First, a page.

Most adults who grew up in the 1960s to 1980s reminisce about a time when they could run free on the streets, commons, parks and woodlands near their homes, seemingly without the threats that children today face. Of course, this rose-tinted view of our youth is not entirely accurate and I'm sure our parents sprouted a fair few grey hairs when we were not where we were expected to be. But on the whole, we do seem to have had at least the illusion of more freedom.
The whys and wherefores of how and why is open to debate, and personally I suspect the higher proportion of stay at home mums all keeping an eye on the neighbourhood kids had a lot to do with it. But whatever the reasons, outdoor and free play nowadays appears to be under threat from so many angles, what with parents protecting their children from the outside world, schools saying no to virtually everything, and the health and safety apparatchiks wading in at every opportunity. But surely we can't be resigned solely to a future of two hours a week in safe, padded indoor play zones?
But it is important to remember that fearless play is essential in developing confidence and stronger social and risk-taking skills, let alone the intrinsic benefits of free play and physical activity. To this end Cheestrings have set up their Brave Bones Club that all kids can be part of. Children can participate at various levels, from simply buying Cheestrings which help to develop strong bones, to signing up online at www.bravebonesclub.com and taking part in the Brave Bones Badge challenges.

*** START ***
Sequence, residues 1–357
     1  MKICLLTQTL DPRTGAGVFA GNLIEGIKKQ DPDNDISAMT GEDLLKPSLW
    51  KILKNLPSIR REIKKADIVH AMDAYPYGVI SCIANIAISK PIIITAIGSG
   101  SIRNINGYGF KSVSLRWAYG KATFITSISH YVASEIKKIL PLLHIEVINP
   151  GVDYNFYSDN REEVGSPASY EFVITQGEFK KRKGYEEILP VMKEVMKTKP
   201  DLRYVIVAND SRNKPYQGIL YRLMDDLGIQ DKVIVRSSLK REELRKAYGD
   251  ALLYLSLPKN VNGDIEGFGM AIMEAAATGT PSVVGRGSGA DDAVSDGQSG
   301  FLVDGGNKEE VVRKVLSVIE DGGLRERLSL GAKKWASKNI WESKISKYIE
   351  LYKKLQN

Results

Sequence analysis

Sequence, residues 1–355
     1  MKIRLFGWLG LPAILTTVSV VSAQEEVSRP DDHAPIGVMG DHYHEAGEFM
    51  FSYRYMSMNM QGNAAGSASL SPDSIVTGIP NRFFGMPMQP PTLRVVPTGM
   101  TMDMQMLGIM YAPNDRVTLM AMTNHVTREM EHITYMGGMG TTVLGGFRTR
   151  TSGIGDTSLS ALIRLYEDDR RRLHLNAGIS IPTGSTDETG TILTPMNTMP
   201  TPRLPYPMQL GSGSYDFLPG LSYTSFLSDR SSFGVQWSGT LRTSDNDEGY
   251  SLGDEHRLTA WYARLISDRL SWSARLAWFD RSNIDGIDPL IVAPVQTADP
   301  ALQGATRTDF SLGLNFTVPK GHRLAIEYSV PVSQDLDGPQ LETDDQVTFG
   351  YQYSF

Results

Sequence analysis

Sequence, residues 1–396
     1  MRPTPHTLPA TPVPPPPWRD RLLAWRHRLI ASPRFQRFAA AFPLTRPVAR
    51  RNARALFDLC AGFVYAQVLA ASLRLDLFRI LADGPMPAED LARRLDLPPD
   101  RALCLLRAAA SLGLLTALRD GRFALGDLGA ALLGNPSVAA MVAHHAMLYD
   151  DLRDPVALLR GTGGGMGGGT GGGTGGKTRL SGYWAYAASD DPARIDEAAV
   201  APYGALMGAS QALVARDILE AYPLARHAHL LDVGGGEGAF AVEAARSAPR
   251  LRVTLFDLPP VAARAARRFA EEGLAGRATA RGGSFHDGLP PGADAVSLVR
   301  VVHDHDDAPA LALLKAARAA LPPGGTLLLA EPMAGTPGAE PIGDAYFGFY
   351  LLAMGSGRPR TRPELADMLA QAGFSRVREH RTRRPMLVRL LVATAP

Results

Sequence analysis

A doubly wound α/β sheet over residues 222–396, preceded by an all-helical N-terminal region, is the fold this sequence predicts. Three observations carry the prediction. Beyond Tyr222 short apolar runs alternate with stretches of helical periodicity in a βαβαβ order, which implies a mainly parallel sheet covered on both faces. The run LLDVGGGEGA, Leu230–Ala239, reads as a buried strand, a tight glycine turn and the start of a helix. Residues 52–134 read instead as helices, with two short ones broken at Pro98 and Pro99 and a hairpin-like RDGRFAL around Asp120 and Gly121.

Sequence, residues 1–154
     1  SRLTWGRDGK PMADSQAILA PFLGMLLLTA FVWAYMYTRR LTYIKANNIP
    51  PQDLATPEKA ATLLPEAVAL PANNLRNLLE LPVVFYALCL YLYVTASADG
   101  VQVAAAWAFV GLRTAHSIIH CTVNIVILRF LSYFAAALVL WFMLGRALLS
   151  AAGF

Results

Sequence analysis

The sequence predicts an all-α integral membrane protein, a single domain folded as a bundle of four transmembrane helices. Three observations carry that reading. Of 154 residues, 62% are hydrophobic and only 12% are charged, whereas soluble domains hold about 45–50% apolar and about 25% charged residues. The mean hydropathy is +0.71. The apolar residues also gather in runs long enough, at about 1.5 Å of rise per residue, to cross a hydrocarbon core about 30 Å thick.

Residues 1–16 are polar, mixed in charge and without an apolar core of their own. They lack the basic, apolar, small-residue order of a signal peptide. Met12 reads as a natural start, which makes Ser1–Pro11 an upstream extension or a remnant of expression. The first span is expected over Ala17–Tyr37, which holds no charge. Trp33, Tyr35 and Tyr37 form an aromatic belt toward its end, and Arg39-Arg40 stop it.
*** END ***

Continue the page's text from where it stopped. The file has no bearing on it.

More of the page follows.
There are currently 12 badges to go for, from simple indoor fun like arm wrestling and balloon bursting (with your bottom!), to bath snorkelling or camping out under a full moon. Once each challenge is completed, brave Club members need to describe their experience which will earn them a badge and a certificate of bravery, which can be proudly framed at home.
We have been sent a kit to help us get started on the Brave Bones Challenges, including water bombs for the 'pass the water bomb' challenge, a pair of socks for the 'pongy sock press-up' challenge, and - most scarily! - a lipstick for the ‘kiss a toad’ challenge. (Does my husband count? ;-))
So, how brave are you and your little ones?
Do you dare to kiss a toad?
Could you be a blindfold goalie?
What about letting them jump over a prostrate you in the Jump a Grown-Up Badge?